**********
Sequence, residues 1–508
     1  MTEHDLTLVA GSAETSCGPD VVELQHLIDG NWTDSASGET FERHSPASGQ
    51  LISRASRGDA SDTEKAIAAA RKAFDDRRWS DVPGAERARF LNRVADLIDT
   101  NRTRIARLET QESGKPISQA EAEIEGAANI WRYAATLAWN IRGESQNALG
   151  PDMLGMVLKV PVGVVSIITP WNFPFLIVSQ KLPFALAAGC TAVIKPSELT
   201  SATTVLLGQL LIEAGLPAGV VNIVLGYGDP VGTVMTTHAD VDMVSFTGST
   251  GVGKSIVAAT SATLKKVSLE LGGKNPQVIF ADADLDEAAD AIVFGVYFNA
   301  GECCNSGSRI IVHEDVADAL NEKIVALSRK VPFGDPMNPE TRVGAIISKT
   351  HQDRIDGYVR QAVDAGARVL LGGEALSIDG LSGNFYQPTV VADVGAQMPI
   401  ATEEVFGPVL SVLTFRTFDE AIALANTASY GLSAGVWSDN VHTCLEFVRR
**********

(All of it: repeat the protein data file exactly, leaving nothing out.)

Sequence, residues 1–508
     1  MTEHDLTLVA GSAETSCGPD VVELQHLIDG NWTDSASGET FERHSPASGQ
    51  LISRASRGDA SDTEKAIAAA RKAFDDRRWS DVPGAERARF LNRVADLIDT
   101  NRTRIARLET QESGKPISQA EAEIEGAANI WRYAATLAWN IRGESQNALG
   151  PDMLGMVLKV PVGVVSIITP WNFPFLIVSQ KLPFALAAGC TAVIKPSELT
   201  SATTVLLGQL LIEAGLPAGV VNIVLGYGDP VGTVMTTHAD VDMVSFTGST
   251  GVGKSIVAAT SATLKKVSLE LGGKNPQVIF ADADLDEAAD AIVFGVYFNA
   301  GECCNSGSRI IVHEDVADAL NEKIVALSRK VPFGDPMNPE TRVGAIISKT
   351  HQDRIDGYVR QAVDAGARVL LGGEALSIDG LSGNFYQPTV VADVGAQMPI
   401  ATEEVFGPVL SVLTFRTFDE AIALANTASY GLSAGVWSDN VHTCLEFVRR